The opinion of the court was delivered by: Tucker, J.
Presently before this Court are Defendant's Motion to Transfer Venue (Doc. 6) and Plaintiff's Response thereto. For the reasons set forth below, the Court will deny Defendant's Motion.
Plaintiff filed this matter pursuant to the Federal Employers' Liability Act ("FELA"), 45 U.S.C. § 51 et seq. It is alleged that Plaintiff suffered a back injury while working for Defendant in Delaware on May 22, 2006.
Plaintiff, a resident of Middleton, DE, initiated this matter in the Philadelphia Court of Common Pleas on February 8, 2007. The court, on motion, dismissed the action pursuant to the forum non conveniens doctrine for refiling in Delaware Chancery Court. Plaintiff appealed the decision but withdrew the petition prior to completion. Instead of re-filing in Delaware, Plaintiff brought the matter before this Court on May 30, 2008.
On May 29, 2009, Defendant filed the present pending motion to transfer venue pursuant to 28 U.S.C. § 1404(a). Defendant alleges that the District Court for the District of Delaware is the appropriate venue for proceedings "[b]ecause the witnesses, parties and evidence involved in th[e] lawsuit are all located in Delaware," and it would be unfair to require Pennsylvania jurors to sit on the case "[b]ecause the Eastern District of Pennsylvania has no relationship to the witnesses or the cause of action upon which this suit is based." Def. Mot. to Transfer Venue, ¶¶ 25-26. Upon reviewing the briefs, the Court will deny the motion.
There are two interplaying venue statutes relevant to the present motion:
1) 45 U.S.C. § 56 -- This statute governs which venues are proper in FELA actions. Under FELA, "an action may be brought in a district court of the United States, in the district of the residence of the defendant or in which the cause of action arose, or in which the defendant shall be doing business at the time of commencing such action."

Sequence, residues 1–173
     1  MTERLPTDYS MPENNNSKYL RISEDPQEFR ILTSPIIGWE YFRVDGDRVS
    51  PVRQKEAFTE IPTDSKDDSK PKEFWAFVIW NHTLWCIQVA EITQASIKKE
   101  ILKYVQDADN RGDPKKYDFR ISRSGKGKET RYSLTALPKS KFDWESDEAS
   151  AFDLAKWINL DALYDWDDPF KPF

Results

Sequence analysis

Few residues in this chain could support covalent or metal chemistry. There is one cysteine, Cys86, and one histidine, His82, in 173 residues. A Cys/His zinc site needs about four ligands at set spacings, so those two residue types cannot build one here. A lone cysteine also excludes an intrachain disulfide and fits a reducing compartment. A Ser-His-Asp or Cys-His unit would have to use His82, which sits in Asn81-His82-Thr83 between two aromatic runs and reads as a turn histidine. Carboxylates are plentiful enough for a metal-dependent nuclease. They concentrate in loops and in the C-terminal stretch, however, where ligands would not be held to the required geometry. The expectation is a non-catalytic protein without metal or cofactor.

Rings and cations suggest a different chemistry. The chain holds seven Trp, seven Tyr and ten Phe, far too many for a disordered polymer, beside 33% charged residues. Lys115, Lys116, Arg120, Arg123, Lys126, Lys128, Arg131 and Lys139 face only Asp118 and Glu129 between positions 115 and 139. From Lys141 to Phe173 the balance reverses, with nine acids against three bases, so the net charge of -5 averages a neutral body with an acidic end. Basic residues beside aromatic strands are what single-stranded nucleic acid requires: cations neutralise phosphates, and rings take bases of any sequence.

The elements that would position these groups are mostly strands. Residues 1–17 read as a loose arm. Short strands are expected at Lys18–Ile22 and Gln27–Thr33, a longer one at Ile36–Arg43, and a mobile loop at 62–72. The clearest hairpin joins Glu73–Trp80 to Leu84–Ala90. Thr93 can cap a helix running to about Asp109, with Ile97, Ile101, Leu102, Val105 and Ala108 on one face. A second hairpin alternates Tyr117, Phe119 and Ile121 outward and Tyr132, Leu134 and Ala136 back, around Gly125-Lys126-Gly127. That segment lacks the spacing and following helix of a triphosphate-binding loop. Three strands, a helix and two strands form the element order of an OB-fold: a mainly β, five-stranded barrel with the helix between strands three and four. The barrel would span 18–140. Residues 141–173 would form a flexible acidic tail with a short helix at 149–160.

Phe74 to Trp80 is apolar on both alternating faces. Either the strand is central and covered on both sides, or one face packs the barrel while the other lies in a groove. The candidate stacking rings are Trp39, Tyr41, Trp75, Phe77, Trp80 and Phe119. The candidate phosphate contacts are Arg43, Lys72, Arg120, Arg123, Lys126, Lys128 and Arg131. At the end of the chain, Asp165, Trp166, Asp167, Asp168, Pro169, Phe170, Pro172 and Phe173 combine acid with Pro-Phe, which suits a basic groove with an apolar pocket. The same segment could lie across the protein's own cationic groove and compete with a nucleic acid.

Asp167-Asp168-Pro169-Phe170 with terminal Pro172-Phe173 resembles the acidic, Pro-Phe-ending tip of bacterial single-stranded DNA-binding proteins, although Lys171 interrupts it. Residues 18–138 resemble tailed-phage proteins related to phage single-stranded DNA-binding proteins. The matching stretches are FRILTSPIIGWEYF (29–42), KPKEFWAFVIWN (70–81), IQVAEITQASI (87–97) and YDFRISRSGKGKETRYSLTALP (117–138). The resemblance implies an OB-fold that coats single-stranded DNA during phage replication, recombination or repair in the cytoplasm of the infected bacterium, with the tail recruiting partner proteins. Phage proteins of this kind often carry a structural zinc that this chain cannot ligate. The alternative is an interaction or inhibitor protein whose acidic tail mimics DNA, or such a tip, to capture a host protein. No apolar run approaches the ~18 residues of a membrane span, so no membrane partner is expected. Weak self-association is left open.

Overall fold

2) 28 U.S.C. § 1404(a) -- This statute sets forth the standard for transferring cases from one venue to another. Section 1404(a) provides, "[f]or the convenience of parties and witnesses, in the interest of justice, a district court may transfer any civil action to any other district or division where it might have been brought."
Additionally, 45 U.S.C. § 51 provides important guidance as it is the statute under which plaintiff sues. Section 51 provides railroad employees grounds to sue the railroad company in a venue set forth in Section 56. The statute confers concurrent jurisdiction on both state and federal courts and 28 U.S.C. § 1445 expressly forbids removing such actions filed in state court to federal court.
a. Forum Transfers Generally
Section 1404(a) permits a district court, within its discretion, to transfer a case to another venue where the case could have been brought "for the convenience of parties and witnesses [and] in the interest of justice." Although Section 1404 is not a codification of the forum non conveniens doctrine, they share a motivation to insure that cases proceed in proper venues that promote efficiency, convenience, and most importantly, justice. The primary concern of the forum non conveniens doctrine is avoiding a plaintiff's "temptation to resort to a strategy of forcing the trial at a most inconvenient place for an adversary . . ." In re Corel Corp., Inc., 147 F. Supp. 2d 363, 366 (E.D. Pa. 2001). By improperly forcing defendants to litigate in inconvenient locations, none of efficiency, convenience or justice is served.
The burden of establishing the need for transfer is on the moving party. Jumara v. State Farm Ins. Co., 55 F.3d 873, 879 (3d Cir. 1995). Upon motion to transfer pursuant to Section 1404(a), the district court must first establish that both the current and proposed venues are proper. Once established, courts weigh the public and private interests at play. See, e.g., id.; Horace Mann Ins. Co. v. Nationwide Mutual Ins. Co., No. 04-CV-5978, 2005 WL 639728, at *2 (E.D. Pa. Mar. 17, 2005) (Tucker, J.). The private interests include: (1) the plaintiff's forum preference as manifested in the original choice; (2) defendant's preference; (3) the convenience of the parties as indicated by their relative physical and financial condition; (4) the convenience of witnesses--but only to the extent the witnesses are unavailable for trial in one of the considered forums; and the location of books and records--also limited only to those records that could not be produced in one forum. Jumara, 55 F.3d at 879. The public interests courts have considered include: (1) the enforceability of the judgment; (2) practical considerations that could make the trial easy, expeditious, or ...